Jesus remained silent throughout all of this. Until, that is the High Priest asked him if he was the Christ. He confirmed that indeed he was – in fact he went on to remind them that one day he would return to earth from heaven as King. This was all they needed. They clearly did not believe that he was telling them the truth, and they knew that the penalty for falsely claiming to be God was death.

So early the following morning they handed him over to Pilate who was the Governor. He asked the same question, and Jesus gave the same answer. The chief priests wanted to continue to press further charges against Jesus, but he didn’t answer them – which amazed Pilate. He obviously felt that Jesus was innocent, as far as he was concerned it was a matter for all these religious people to sort out.

Pilate offered to release Jesus. At this time each year, one prisoner would be released. Pilate suggested that it be Jesus. The chief priests disagreed – and stirred up the crowd to disagree too! Instead they wanted to release a murderer called Barabbas. So Pilate gave into the pressure from the crowd, and released this other man. We don’t know what happened to him after this – but if he realised the enormity of what it meant that Jesus should be put to death instead of him, he may well have become a follower.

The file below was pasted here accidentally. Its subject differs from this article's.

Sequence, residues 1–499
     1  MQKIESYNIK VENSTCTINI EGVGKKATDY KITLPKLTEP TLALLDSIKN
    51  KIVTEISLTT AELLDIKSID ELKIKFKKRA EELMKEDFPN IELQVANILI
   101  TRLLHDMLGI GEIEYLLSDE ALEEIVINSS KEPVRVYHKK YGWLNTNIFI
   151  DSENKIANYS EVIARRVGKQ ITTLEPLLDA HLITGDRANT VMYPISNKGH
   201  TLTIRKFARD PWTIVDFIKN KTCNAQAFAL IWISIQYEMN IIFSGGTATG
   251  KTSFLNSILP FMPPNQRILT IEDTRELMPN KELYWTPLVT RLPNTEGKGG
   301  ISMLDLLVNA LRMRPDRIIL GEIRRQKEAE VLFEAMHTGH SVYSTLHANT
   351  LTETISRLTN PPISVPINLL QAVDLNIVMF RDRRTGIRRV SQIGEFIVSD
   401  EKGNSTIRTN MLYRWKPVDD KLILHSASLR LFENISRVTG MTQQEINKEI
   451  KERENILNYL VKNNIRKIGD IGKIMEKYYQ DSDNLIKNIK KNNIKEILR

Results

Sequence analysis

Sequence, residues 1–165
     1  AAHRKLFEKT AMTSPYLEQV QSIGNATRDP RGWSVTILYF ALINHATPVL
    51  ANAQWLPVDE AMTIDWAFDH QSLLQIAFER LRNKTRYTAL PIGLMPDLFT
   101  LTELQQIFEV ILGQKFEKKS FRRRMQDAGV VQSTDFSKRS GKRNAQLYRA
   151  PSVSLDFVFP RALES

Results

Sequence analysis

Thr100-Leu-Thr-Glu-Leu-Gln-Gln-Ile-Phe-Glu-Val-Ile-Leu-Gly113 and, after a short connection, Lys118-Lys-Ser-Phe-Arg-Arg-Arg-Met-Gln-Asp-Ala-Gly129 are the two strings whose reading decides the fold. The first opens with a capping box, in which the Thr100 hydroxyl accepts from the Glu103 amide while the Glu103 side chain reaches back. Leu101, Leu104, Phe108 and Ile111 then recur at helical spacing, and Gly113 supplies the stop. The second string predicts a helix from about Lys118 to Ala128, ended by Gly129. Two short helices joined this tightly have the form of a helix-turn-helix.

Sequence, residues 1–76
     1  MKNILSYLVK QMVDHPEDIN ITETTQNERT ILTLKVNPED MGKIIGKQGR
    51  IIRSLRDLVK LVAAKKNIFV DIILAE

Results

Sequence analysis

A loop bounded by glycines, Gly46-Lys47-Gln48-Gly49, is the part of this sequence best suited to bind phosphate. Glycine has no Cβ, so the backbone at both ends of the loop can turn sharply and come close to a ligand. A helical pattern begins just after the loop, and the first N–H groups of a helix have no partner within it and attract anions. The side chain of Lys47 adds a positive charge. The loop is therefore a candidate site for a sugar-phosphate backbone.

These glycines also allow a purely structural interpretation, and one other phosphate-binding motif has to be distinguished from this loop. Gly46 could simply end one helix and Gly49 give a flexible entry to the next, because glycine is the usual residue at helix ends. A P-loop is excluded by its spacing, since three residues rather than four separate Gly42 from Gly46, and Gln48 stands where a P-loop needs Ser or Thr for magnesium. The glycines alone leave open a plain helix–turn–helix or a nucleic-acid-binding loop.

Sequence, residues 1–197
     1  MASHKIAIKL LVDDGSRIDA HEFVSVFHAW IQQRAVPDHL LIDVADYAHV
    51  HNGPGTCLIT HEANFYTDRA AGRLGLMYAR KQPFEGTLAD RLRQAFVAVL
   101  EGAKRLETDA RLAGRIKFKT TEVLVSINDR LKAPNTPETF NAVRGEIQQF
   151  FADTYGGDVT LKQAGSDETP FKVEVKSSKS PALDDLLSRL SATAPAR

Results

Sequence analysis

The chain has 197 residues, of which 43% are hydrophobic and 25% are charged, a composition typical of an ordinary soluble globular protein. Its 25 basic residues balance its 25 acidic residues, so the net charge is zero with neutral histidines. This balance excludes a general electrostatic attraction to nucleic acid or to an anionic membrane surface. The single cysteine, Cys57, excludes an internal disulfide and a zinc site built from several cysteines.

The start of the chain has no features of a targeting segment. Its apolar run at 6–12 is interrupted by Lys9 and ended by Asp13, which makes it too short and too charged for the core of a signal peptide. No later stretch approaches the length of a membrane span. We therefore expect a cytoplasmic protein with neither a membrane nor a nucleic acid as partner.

Pilate was obviously still not happy, as he could not find a reason to put Jesus to death, he saw him as being innocent. However, the crowd became louder, crying “Crucify him, crucify him!” Pilate gave in, released Barabbas and handed Jesus over to be crucified.

So what is our response to all of this? We see the attitude of the religious leaders who did not like Jesus challenging them. It can be the same for us today, perhaps we don’t like some of the things that Jesus said, or what he wants us to do, so we would rather he was out of the way.

We could also be like Pilate, and see Jesus as being a good man – perfect – the Son of God even. But we could see it as being easier to follow the crowd and disregard him.

Anyway, these events paved the way for Jesus to go to the Cross to take the punishment for our sins. That is what we will focus on tomorrow.

He stood before the court
on trial instead of us;
he met its power to hurt,
condemned to face the cross:
our king, accused
of treachery;
our God, abused
for blasphemy!

Christopher Idle

Easter Meditation 4 – Remembering Jesus

The next in the series of Meditations leading up to Easter.

Reading: Mark 14 v 22 – 26

On the night before he died, Jesus shared a meal with his disciples. During the course of it, he revealed that one of their number would betray him. As we saw yesterday, he knew that it would be Judas.